Horizon Discovery to be a Founding-Member of Oncology Drug Discovery Consortium
News May 29, 2008
Horizon Discovery (Horizon) has announced it will be a founding member of VIMCAD, a consortium of UK Oncology research groups comprising: Cancer Research UK’s Cambridge Research Institute; Horizon Discovery in Cambridge; St George’s University of London; University of Glasgow and; the University of Liverpool.
VIMCAD will apply leading-edge in vitro cellular modeling and imaging techniques to translate molecular and cell-based observations on cellular senescence into a viable drug discovery strategy.
The key objectives of the VIMCAD research program are: the identification critical paths for cellular senescence with a focus on human melanoma; development of genetically defined ‘isogenic’ human tumour cell-lines with matched normal gentetic backgrounds to rationally screen for novel compounds that modulate senescence and; the identification of small molecules & miRNA target leads for drug development & pathway manipulation.
VIMCAD is being funded by Cancer Research UK for an initial period of 24months and will be the repository for valuable new intellectual property. Following this period an industrial partner will be sought by Cancer Research UK to develop the new intellectual property.
Horizon will contribute a valuable component of the research program, namely the development of genetically defined (by target patient genotype) human isogenic cancer cell-lines that can be used to find new drug candidates in high-content screens.
In return for its involvement Horizon will receive a six-figure fee and retain ownership of the developed isogenic cell-lines, which will allow the dissemination of these unique tools to its academic, biotech and pharmaceutical customers. Horizon will also be an equal shareholder in VIMCAD and the intellectual property contained within it.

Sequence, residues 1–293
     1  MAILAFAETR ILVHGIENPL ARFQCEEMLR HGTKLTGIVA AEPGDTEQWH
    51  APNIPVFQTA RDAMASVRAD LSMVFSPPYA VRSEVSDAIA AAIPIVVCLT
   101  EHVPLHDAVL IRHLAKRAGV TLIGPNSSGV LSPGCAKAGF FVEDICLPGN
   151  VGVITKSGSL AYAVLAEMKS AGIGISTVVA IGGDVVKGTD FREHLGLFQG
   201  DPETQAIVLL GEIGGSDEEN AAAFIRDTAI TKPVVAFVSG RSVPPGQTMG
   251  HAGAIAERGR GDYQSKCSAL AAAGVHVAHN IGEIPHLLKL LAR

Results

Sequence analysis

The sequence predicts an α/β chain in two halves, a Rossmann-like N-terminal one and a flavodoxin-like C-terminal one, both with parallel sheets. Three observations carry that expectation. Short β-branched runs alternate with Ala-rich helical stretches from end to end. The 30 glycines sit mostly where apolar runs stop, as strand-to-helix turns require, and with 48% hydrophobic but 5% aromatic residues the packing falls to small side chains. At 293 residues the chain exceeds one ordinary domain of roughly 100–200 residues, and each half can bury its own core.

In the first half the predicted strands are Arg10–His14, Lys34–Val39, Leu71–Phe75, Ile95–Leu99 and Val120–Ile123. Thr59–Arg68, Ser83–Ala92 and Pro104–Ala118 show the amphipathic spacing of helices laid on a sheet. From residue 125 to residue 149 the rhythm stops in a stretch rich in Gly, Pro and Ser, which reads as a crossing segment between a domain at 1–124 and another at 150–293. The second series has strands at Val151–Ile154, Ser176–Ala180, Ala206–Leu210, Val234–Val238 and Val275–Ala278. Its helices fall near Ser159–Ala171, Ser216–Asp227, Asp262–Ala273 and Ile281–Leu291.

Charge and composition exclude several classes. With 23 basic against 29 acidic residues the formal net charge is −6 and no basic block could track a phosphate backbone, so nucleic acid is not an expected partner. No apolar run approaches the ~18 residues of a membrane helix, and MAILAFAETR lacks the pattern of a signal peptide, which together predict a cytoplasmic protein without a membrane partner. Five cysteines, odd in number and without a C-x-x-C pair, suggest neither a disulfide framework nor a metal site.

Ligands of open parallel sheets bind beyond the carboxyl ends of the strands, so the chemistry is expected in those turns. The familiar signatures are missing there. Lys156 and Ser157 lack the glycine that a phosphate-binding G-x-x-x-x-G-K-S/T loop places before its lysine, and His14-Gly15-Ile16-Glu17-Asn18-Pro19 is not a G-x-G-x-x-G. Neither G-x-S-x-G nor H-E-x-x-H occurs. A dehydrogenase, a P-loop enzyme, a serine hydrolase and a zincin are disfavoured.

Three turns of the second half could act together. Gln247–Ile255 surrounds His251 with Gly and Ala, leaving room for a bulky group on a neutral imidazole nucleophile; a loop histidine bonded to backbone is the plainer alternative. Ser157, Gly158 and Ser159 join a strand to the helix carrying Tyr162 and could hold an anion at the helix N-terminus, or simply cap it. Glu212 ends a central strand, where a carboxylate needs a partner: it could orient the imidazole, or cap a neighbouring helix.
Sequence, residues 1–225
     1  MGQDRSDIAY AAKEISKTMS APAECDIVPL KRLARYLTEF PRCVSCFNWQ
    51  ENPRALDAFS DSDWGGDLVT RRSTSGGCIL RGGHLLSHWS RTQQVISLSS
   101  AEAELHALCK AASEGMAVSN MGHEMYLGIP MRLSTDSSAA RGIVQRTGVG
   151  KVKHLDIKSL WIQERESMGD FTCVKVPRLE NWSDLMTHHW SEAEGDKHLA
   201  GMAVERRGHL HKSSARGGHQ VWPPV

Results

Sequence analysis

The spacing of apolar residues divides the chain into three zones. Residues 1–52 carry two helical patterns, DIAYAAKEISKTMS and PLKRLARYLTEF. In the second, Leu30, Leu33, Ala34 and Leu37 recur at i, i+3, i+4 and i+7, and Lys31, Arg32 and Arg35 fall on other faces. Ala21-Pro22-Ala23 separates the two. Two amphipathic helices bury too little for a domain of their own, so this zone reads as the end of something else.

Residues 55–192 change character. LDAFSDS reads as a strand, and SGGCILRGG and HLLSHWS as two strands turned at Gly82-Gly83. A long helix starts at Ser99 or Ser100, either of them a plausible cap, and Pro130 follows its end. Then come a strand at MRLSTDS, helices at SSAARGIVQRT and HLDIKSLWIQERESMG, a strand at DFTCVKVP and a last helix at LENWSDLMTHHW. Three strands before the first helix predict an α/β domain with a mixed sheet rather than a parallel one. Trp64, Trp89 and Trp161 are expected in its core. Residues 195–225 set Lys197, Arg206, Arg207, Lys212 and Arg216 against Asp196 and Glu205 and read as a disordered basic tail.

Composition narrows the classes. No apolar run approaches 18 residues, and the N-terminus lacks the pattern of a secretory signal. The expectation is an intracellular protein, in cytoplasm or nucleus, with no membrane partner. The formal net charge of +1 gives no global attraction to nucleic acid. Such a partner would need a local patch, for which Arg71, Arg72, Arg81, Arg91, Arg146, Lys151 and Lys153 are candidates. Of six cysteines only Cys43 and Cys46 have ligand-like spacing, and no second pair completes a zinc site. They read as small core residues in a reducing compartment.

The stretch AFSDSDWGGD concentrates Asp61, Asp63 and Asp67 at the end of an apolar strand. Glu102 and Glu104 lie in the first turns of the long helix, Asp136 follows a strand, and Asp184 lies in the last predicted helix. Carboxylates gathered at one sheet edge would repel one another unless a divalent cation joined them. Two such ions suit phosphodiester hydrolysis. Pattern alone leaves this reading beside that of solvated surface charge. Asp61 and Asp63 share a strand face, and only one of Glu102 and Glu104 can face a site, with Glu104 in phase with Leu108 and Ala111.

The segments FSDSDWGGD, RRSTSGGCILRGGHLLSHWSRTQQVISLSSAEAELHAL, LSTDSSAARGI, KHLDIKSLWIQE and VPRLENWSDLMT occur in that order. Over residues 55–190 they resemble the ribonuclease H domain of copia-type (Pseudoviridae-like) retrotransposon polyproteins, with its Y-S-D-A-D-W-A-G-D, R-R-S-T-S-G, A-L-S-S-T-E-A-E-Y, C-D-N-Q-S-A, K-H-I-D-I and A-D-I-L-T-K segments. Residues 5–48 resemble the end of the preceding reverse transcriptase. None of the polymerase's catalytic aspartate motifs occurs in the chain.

Chris Torrance, CEO of Horizon says “We are excited to be part of VIMCAD and believe that our combined expertise in cutting edge automated microscopic imaging technologies, an in-depth understanding of the root causes and phenotypic biomarkers of cancer and the ability to translate these findings into novel in-vitro human cell models and assays, that the consortium is in a unique position to deploy new 'targeted' therapeutic strategies. This will lead to the discovery of new drug targets and candidates more quickly in the lab that better predict potential success in the clinic”.
The research activities of VIMCAD will begin on June 1st 2008.
As genome editing technologies advance toward clinical therapies, they are raising hopes of a completely new way to treat disease. However, challenges need to be addressed before potential treatments can be widely used in patients. To tackle these challenges, the National Institutes of Health has launched the Somatic Cell Genome Editing program, which has awarded multiple grants including more than $3.6 million to assess the safety of genome editing in human cells and tissues.